Overseas Recruitment for US Companies

Overseas Recruitment: How Can US Companies Hire Easily in 100+ Countries?

Overseas Recruitment: How Can US Companies Hire Easily in 100+ Countries?

August 10, 2023


Picture of INS Global



Picture of INS Global



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Key Takeaways

  1. Laws and regulations regarding overseas recruitment can vary significantly between countries
  2. Where an employee should pay tax depends on a number of circumstances
  3. With today’s technology promoting and simplifying the process of working remotely, now is the perfect time to think about new horizons in terms of overseas recruitment


Can a US company succeed with overseas recruitment, and if so, how? There are certainly benefits like that of a generally lower labor cost. In fact, US companies today can save up to 60% on the cost of hiring new employees with overseas recruitment. However, the risks of legal differences, lack of clarity on how different tax and payment systems interact, and the problems of properly utilizing team members spread across multiple countries are real concerns to many.

That’s why INS Global has put together this guide on overseas recruitment for US companies. Here we’ll lay out the pros and cons, as well as look at some of the best options available for US companies hiring overseas.


What are the Overseas Recruitment Options for US Companies Hiring Abroad?


US companies have several options available when considering hiring international workers. However, it’s important to note that laws and regulations regarding international hiring can vary significantly between countries. This guide will provide general information, but it’s essential to consult with legal experts and relevant authorities where possible to ensure compliance in specific markets.

Available options for hiring overseas are:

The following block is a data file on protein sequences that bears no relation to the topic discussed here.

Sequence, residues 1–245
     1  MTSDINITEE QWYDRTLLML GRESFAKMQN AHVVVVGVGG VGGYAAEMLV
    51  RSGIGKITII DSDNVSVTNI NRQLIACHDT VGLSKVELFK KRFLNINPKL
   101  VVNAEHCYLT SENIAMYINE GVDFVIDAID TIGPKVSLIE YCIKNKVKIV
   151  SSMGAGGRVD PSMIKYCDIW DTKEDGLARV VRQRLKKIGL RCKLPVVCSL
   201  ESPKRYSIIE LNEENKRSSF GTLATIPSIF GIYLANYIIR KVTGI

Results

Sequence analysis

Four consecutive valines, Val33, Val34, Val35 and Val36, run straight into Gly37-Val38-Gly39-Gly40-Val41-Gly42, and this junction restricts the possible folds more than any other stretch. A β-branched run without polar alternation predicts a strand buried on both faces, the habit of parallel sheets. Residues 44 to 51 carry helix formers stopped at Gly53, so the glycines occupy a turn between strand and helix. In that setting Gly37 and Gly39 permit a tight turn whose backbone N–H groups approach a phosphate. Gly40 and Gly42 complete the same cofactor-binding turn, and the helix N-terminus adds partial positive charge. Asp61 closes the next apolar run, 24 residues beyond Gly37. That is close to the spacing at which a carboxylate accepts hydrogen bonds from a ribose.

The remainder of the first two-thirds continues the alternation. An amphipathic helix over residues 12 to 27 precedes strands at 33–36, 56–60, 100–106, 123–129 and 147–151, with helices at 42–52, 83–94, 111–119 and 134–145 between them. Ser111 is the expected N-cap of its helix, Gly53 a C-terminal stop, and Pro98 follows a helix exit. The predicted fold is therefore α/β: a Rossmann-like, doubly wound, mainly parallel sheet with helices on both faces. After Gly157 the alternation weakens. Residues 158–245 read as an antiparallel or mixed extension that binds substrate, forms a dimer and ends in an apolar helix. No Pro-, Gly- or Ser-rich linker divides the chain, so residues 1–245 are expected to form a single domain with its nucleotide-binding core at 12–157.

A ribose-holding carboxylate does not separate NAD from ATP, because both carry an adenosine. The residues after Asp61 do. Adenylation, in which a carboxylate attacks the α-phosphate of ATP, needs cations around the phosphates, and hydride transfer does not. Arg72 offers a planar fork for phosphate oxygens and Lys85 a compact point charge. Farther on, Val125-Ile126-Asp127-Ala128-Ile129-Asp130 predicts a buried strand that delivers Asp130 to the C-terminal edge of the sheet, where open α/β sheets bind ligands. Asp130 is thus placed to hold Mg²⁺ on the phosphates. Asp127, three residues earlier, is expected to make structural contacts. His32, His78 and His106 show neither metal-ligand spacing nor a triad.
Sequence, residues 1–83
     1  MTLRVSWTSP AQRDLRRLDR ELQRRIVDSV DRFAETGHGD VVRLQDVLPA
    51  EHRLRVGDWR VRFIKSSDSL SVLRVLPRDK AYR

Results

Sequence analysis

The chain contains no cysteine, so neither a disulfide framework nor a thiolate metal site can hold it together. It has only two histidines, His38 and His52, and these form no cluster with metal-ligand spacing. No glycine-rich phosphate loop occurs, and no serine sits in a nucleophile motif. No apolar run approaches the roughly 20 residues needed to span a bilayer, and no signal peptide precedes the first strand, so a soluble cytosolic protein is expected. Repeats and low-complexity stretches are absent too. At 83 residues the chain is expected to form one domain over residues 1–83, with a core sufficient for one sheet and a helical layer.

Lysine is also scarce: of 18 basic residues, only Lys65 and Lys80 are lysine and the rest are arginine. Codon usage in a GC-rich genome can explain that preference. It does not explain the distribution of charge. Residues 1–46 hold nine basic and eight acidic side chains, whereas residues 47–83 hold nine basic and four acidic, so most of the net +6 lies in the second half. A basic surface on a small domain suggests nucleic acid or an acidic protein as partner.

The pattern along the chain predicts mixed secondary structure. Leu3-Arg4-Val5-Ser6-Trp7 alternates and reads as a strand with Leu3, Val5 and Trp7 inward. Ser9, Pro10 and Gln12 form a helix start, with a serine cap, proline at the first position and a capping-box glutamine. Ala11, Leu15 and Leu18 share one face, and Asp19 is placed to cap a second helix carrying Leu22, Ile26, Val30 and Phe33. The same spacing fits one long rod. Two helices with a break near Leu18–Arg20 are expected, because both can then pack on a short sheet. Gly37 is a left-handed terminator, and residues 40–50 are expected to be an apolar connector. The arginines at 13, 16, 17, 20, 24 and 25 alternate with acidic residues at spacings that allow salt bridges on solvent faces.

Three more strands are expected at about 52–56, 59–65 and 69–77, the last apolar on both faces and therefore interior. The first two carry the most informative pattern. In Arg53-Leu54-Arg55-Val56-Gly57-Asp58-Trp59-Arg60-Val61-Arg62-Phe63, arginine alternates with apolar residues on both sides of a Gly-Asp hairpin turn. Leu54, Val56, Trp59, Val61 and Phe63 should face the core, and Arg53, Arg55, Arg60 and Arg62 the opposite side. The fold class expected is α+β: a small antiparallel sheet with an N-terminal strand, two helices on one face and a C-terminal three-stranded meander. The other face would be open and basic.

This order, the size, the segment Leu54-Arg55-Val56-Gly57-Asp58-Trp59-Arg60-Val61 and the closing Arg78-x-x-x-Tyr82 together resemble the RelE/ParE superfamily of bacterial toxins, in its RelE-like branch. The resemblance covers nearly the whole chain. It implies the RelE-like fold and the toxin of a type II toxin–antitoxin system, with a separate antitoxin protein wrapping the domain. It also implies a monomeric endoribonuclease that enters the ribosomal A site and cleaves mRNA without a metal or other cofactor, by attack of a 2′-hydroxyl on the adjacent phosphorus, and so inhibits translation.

Local Hires Through a Foreign Branch


The simplest option, and the one taken traditionally, is to hire employees directly in the target country by creating a local company.

Hiring local staff directly means having total control over all aspects of employment. However, the responsibility this entails means following the employment laws and regulations of that country, including contract terms, taxes, and labor standards.

While this was traditionally the go-to option for a US company considering overseas recruitment, it’s not always the best idea. Heightened responsibility and the need to go through numerous company setup steps before adapting HR functions to the local market can make this option more costly than it’s worth.


Independent Contractors or Freelancers


Depending on the nature of the work or project, it’s possible for a US company to hire independent contractors or freelancers to do a variety of tasks. Generally, companies want contractors for their specialist skills or knowledge. However, with a generally high price for their services, they’re unlikely to be a cost-effective option long-term.

Additionally, misclassifying employees as independent contractors can lead to serious legal issues in most countries, so it’s essential to understand the distinction between the two. A contractor or freelancer cannot work in the same way as an employee, which potentially causes problems when a company is facing deadlines or management issues.


International Remote Work


Thanks to remote work options, many US companies hire employees who work entirely from their home country. This is possible in some countries where employment laws and taxes of the remote employee’s location allow it.

However, it’s crucial for US companies to consider factors such as tax implications, employment laws, cultural differences, intellectual property rights, and data protection regulations when hiring for remote jobs. Regulations on these matters and the way that they interact are constantly changing, and even simple mistakes can cost big time.

Seeking legal and HR expertise, either from internal specialists or external consultants with expertise in local and international legal matters, is highly recommended to navigate the complexities of international hiring successfully.


PEO (Professional Employer Organization) or EOR (Employer of Record) Services


More and more US companies are choosing to outsource specific tasks or projects to international companies or service providers. Typically, these service providers have the resources, expertise, or personnel needed to make it easy for US companies to hire overseas. This approach is both cost-effective and efficient, and as a bonus, it can even reduce or remove a company’s liability when dealing with unfamiliar legal systems.